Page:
33 results
Date Name

Do we need a labour theory of degree value?

When measuring the economic value of higher education we too often assume that past performance is indicative of future success. But the labour market is about to become much less predictable, argues Adam Wright.

LEO shows how graduate pay has been squeezed

LEO data shows that, when adjusted for inflation, graduates’ pay packets are being significantly squeezed. Jonathan Boys has broken down the data.

Why is there such a large gender pay gap for graduates?

Women graduates earn less than their male counterparts immediately after leaving university and in the vast majority of subjects. We pick this apart and suggest what role universities might have to play in fixing it.

Lessons earned – winners and losers from LEO

There are plenty of interesting insights and perspectives to be gained from a day’s worth of analysis of the the new Longitudinal Education Outcomes dataset. David Morris suggests some winners and losers from this release.

LIVE: Longitudinal Education Outcomes data released

It’s a revolution for public information about higher education as employment and salary data for graduates is released in full for the first time. We’ll be bringing you coverage, insights and analysis all day here.

NewDLHE model close to full assembly

HESA has assembled its proposed model for a new DLHE. Catherine Boyd picks out the headline changes, including open centralisation, linking to LEO data, and a new survey date.

Capturing the future of graduate outcomes

HESA has made significant strides forward in designing a new graduate destinations survey to replace DLHE. Dan Cook gives us an update on the decisions made so far.

Prior attainment, gender gaps and other lessons from LEO

After the release of the government’s new LEO data, we draw some early lessons about what it shows about graduate earnings, the labour market and universities’ ability to influence the employment prospects of their graduates.

Digesting the Longitudinal Educational Outcome data

On the day the government releases LEO data showing graduate earnings over time, we take a first look at the data, what it shows and what’s in store as the agenda develops.

A positive outcome? Steps towards a new DLHE

There was consensus and conflict within the sector over how to best measure graduate outcomes. Rachel Hewitt takes us through the highlights of the new DLHE consultation responses.

Differential fees need scrutiny, not sympathy

Tom Bailey offers a response to Dean Machin’s case for differential fees by subject and institution, arguing that it would be unfair, impractical and imprudent.

What if there isn’t a skills deficit?

David Morris argues that not far in the future, the sector may not be able to rely on old assumptions about their role in driving skills and so need to start thinking now about how universities should to adapt to shifting economic trends.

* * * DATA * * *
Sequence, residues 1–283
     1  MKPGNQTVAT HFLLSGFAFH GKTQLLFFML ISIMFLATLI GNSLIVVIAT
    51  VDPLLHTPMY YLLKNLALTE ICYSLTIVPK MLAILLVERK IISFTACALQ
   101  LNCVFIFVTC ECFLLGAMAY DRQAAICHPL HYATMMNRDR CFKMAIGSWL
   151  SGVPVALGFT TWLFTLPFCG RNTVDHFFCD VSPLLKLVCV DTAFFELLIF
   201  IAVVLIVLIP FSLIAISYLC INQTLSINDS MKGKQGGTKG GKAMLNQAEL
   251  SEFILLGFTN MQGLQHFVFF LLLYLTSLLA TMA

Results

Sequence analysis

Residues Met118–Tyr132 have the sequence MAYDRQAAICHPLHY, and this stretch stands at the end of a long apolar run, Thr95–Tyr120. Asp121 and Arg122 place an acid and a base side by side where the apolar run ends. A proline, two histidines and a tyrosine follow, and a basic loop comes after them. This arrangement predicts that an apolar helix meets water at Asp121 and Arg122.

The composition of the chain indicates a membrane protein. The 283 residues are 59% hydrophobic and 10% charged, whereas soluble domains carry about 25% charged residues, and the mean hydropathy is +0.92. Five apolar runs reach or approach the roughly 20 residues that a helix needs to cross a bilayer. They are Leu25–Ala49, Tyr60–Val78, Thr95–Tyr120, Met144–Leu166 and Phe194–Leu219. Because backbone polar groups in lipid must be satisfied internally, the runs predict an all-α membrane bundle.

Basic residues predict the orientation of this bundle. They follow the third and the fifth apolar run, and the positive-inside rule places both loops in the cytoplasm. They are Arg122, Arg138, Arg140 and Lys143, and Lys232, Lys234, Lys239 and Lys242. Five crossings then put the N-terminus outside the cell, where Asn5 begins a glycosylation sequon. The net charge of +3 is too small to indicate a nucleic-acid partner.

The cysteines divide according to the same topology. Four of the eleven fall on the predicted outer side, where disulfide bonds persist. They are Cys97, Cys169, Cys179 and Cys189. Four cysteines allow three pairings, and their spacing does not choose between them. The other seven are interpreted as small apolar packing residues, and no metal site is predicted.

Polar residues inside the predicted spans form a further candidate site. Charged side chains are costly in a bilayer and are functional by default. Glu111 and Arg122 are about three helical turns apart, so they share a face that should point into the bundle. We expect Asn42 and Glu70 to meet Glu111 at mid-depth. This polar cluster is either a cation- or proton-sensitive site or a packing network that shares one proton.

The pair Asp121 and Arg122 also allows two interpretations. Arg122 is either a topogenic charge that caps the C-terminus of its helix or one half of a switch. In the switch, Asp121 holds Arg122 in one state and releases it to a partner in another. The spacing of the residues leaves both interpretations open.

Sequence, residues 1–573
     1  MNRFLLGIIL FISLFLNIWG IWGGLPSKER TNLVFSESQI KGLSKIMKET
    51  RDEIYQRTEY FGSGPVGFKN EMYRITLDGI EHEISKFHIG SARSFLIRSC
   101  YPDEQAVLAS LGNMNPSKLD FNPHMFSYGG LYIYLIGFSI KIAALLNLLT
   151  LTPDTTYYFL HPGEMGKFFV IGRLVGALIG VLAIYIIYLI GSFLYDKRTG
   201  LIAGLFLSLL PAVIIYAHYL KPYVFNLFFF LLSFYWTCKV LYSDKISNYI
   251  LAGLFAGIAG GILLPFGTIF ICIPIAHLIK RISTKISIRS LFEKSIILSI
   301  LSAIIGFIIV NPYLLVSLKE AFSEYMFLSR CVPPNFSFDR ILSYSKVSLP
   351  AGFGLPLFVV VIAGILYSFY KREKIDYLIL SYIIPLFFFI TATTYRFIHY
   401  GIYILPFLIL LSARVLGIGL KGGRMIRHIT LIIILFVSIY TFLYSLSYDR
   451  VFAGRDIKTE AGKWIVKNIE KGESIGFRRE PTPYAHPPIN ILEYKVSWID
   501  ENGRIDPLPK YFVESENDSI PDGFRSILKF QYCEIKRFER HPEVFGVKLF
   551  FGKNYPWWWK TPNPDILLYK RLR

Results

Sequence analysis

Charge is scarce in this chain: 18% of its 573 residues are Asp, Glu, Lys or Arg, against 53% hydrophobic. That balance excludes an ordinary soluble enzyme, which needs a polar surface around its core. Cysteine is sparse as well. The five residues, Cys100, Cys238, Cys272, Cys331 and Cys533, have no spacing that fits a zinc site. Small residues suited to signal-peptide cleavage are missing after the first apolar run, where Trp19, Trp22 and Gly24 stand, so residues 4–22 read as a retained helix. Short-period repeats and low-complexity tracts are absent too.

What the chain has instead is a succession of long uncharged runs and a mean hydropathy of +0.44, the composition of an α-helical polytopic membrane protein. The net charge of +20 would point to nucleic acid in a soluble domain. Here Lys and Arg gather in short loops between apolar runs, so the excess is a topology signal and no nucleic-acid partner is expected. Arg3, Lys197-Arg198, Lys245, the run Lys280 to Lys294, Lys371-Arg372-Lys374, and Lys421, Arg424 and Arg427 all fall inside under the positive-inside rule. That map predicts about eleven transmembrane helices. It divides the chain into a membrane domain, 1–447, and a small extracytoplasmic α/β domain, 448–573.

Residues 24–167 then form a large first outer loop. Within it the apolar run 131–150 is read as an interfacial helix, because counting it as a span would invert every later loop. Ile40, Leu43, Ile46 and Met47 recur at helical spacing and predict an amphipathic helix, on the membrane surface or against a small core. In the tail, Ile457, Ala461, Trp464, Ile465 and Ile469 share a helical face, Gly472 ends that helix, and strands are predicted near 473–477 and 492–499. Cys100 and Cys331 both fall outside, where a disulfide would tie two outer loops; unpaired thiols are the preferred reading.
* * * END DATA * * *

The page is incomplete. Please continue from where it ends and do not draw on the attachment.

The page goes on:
Human capital: interview with author of IFS graduate earnings study

On Wednesday the Institute for Fiscal Studies published the first report into graduate earnings – Andrew McGettigan discussed the report’s findings and their implications with one of the report’s authors: Jack Britton, Senior Research Economist at IFS.

Human capital: let’s talk about graduate outcomes

Following the recent IFS report into graduate earnings, Charlie Ball discusses the significant implications for the sector, and previews the forthcoming consultation on the future of the DLHE survey – an opportunity to get this right for the future.

Has DLHE had its day?

Following the passing of the Small Business, Enterprise and Employment Act which allows for educational data to be linked to tax records, Charlie Ball asks if this will ultimately see the demise of the controversial Destination of Leavers in Higher Education (DLHE) survey?

Reforming employability measures

It is widely understood that graduates with higher level skills are critical to the ability of the UK economy to innovate and thus be competitive internationally so it is vitally important that the way we measure how the supply of graduates meets the demand of employers is useful to both universities and businesses. Rosa Fernandez looks at recent research that shows why current measures of graduate employability are not sufficient, and shows how it could improve.

Winners and losers in the current system

There is no doubt that, as with most changes, the £9,000 fee system introduced in England in 2012-13 created winners and losers. We know that applications are back up for full-time undergraduates – and we know this includes students from non-traditional backgrounds, which is great. But that is not the whole story. On the day the Public Accounts Committee confirm the rising costs of writing off loans, Libby Hackett looks at the winners and losers in the current system, and calls for a fundamental rethink.